- The Guardian, Saturday 26 July 2003 12.09 BST
I have to admit that I thought it would happen sooner. After he hit my colleague Michael White for making a joke about Robert Maxwell, and he monstered Robert Peston, the political editor of the FT, one of the few papers to back Labour in the 1992 election, and son of Lord Peston who was then part of Tony Blair's front bench team, I assumed that he would crack up within a year of entering Downing Street. To be frank, he has done remarkably well to stay the course as long as he has.
· Amid all the unsavoury attempts to apportion, or shrug off, the blame for the suicide of David Kelly, we've tended to forget some curious things about the death itself. I don't join the conspiracy theorists who seem certain it was murder, but I wonder why he did it. The much quoted email to a friend shows a man looking forward to getting back to Baghdad. He would have been able to gather all the information he knew was there but was unable to winkle out while Saddam was in power. It would have been an entirely fascinating trip for an expert like him.
I have had an email correspondence with the psychologist Dorothy Rowe. She says that suicide often follows a sense that we "have not lived up to the standards we have set ourselves. We can find ourselves overwhelmed by shame, so ashamed that we try to shrink, to disappear from the face of the earth."
That sounds as if it might be right. One of the sillier articles, in the Times, suggested that he had been driven to the brink by sudden exposure to the harsh, vengeful, backbiting world of politics and the media. Well, some of the politics must have been a nasty shock, but Dr Kelly knew all about the media, and clearly took satisfaction in briefing journalists. Feasting with panthers doesn't mean you should be eaten, but you know what your companions are like.
And was there a note? If so, we haven't been told of it. One daughter had just got married, another is about to be married. Their new lives have got off to a horrible start, yet he apparently didn't even feel the need to apologise or explain.
This has led some people to guess it might have been a cry for help which went wrong. It would explain the missing note and why he slit his wrist near a popular walking path. I put this to Dr Rowe, who replied: "Not so much a cry for help as putting one's fate in the hands of God. If God or fate has determined that you'll live, someone will find you before too late. The trouble is, God is very absent minded and fate doesn't care."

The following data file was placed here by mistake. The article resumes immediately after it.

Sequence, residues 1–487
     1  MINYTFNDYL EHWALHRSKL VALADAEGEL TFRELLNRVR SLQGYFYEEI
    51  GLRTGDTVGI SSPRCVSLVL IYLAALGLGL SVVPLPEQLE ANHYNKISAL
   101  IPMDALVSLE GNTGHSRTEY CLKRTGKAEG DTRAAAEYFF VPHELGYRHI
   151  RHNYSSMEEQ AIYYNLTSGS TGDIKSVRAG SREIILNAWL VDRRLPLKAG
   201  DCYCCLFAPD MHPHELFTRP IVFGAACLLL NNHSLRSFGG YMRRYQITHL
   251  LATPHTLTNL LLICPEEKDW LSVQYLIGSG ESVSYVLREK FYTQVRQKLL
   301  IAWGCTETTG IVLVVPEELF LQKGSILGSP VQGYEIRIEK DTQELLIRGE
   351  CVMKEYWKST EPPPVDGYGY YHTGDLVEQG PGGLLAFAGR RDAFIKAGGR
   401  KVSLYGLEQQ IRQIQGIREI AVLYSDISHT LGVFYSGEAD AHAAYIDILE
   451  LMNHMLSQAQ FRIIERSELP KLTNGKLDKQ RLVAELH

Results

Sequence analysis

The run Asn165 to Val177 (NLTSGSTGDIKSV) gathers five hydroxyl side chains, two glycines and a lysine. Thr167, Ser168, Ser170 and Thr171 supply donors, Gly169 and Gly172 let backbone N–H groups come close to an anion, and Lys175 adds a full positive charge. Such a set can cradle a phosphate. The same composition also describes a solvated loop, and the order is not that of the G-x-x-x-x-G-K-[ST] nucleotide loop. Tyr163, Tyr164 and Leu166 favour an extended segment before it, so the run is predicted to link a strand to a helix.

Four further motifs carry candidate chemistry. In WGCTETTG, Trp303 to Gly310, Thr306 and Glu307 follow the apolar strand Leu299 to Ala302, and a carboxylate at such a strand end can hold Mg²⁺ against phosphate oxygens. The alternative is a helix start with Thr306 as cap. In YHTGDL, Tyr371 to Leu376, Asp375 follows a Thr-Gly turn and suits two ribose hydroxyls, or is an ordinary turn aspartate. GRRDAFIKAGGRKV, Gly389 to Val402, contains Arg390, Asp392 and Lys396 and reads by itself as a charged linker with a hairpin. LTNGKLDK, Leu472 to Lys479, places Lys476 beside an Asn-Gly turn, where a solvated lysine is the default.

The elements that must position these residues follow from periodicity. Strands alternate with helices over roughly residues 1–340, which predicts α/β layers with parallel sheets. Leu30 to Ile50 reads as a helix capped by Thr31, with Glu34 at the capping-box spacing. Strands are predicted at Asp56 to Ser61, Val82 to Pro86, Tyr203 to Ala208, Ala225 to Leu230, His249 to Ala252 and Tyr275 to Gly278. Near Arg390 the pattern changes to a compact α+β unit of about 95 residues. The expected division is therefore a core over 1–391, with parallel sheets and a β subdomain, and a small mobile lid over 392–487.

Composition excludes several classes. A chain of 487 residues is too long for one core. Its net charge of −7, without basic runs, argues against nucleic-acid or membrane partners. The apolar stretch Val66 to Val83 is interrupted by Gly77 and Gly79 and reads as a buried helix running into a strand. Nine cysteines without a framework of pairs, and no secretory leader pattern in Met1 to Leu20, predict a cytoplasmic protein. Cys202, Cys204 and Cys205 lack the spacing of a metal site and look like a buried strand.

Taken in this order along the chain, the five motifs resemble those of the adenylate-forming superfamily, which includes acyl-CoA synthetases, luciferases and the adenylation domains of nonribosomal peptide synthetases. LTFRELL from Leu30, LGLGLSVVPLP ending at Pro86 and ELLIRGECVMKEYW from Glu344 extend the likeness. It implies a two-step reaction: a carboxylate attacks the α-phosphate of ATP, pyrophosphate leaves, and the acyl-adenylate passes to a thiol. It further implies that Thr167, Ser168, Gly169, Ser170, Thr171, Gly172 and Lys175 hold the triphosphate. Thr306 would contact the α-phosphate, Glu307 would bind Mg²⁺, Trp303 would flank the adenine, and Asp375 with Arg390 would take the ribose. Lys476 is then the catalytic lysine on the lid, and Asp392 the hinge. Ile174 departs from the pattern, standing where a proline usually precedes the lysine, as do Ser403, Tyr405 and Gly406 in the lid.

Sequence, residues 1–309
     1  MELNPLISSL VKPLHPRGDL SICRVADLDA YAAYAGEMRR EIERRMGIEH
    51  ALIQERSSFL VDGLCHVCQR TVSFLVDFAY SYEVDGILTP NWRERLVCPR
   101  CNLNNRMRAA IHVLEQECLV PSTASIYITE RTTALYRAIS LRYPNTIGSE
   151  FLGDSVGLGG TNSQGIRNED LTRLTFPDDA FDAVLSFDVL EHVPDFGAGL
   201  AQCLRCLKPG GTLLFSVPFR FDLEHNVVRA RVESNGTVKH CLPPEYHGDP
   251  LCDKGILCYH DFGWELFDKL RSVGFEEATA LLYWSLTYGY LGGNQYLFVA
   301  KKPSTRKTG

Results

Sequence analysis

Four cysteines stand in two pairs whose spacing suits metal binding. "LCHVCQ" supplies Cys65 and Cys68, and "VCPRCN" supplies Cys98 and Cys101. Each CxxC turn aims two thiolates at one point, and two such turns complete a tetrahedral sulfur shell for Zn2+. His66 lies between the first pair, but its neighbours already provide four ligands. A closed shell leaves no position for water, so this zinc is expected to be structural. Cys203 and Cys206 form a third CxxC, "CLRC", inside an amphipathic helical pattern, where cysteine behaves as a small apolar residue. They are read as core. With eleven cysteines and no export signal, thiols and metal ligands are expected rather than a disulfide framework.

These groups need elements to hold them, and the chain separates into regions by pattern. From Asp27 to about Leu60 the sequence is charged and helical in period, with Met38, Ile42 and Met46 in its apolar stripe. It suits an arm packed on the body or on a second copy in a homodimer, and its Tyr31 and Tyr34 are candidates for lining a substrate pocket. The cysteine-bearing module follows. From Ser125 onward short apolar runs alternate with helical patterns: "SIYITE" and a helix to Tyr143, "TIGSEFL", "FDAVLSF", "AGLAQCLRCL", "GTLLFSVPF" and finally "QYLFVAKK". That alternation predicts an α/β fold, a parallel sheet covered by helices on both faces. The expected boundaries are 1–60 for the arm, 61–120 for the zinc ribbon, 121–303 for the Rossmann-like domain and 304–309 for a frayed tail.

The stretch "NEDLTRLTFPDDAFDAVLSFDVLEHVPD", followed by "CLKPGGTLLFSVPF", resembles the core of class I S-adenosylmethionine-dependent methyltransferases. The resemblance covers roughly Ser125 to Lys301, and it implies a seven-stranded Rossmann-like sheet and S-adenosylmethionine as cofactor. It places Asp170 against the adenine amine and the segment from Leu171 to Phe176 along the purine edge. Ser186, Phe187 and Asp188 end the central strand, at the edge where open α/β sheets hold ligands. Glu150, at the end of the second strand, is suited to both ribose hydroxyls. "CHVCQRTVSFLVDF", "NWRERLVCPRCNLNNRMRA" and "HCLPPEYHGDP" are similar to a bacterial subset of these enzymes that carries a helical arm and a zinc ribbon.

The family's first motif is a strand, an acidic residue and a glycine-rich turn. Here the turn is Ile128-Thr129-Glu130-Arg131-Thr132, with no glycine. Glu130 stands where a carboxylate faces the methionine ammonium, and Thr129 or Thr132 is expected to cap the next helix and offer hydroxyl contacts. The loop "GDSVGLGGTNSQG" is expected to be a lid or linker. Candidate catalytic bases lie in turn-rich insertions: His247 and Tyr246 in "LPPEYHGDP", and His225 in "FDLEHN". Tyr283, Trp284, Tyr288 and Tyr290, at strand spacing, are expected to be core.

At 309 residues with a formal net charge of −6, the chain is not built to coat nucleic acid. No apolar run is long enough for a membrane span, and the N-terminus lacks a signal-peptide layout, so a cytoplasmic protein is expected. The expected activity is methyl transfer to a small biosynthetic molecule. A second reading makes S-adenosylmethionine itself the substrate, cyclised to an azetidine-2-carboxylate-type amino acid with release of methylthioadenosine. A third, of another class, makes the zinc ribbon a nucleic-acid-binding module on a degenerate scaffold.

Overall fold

· People who know exactly what God thinks, No 83 in an occasional series. This week, the gay bishop in New England assured the Today programme that God was all in favour of homosexual sex among the clergy. The other day, a Welsh cleric on Radio 2 who assured us that God wanted us to be merciful even to Uday and Qusay. I think I agree with the first, though I'm more doubtful about the latter. But how on earth do people know? And if you have this hotline to the Almighty, what's to stop you when he tells you to blow up crowded buses?
· The writer Blake Morrison emails me with news of a worrying trend: the summer family newsletter. Unlike the Christmas version, which lists past triumphs, this tells you all the successes to come. He quotes an email he received detailing everything the family is doing, with separate schedules for each: "Annabel being on her residential cello course at Dartington in Week 1, while William goes to the polo induction course in Week 3, and the whole family uniting in a villa in Tuscany in Weeks 6-8, etc. And the excruciating small details of this timetable we, as recipients, are supposed to be fascinated to know..." Other examples more than welcome.
· A shocked reader has sent me an advertising pamphlet from National Rail. "Flower power is back!" it declares. "If you're over 60, you were there in the summer of love. You were the swinging sixties ... so where's it to be? Woodstock? The Isle of Wight? Hyde Park? ... go on your own magical mystery tour! Take a trip down Penny Lane." Yes, it's for an over sixties railcard, and I think it's the most depressing thing I've seen for a long time.
· I was asked this week to go on Ann Widdecombe's radio show. She's been doing the morning slot on LBC while the regular presenter is away. I thought it was probably a bad idea, but it turned out she is an absolute natural.
I was early, and had the chance to listen to her fielding a phone-in. She was polite to almost everyone, though firm with the nutters, while making her own views clear. The reason why she was so much better than most full-time presenters and probably all disc jockeys, is that she had something to say. You don't need to agree with it, but it commands your attention. Most broadcasters in those slots seem to imagine they can get by on "personality", which usually means uttering pointless remarks with a quite unwarranted laugh.
· School is out, and the teachers have taken home the great pile of presents they get given these days: bath salts, chocolates, candle-holders, floral notepads etc. I noticed in the shops, many of which now have big displays marked "Thank you, teacher!" or some such, that the inevitable ratchet is working and they're getting more expensive every year. It must be a bind for poorer families.
And inevitably the middle classes will be jockeying for prestige. "We're giving Miss Parkinson a signed Hockney print this year - I'm afraid an original was rather out of our range!"
"What a lovely idea! We found Mr Hapgood some Armagnac, bottled in the year he was born. It took some tracking down!"
The solution is for teachers to have lists in the stores, like wedding couples. Clerks will say: "I'm afraid everything under £30 is taken now, but you could club together with four other families for the set of Le Creuset pans..."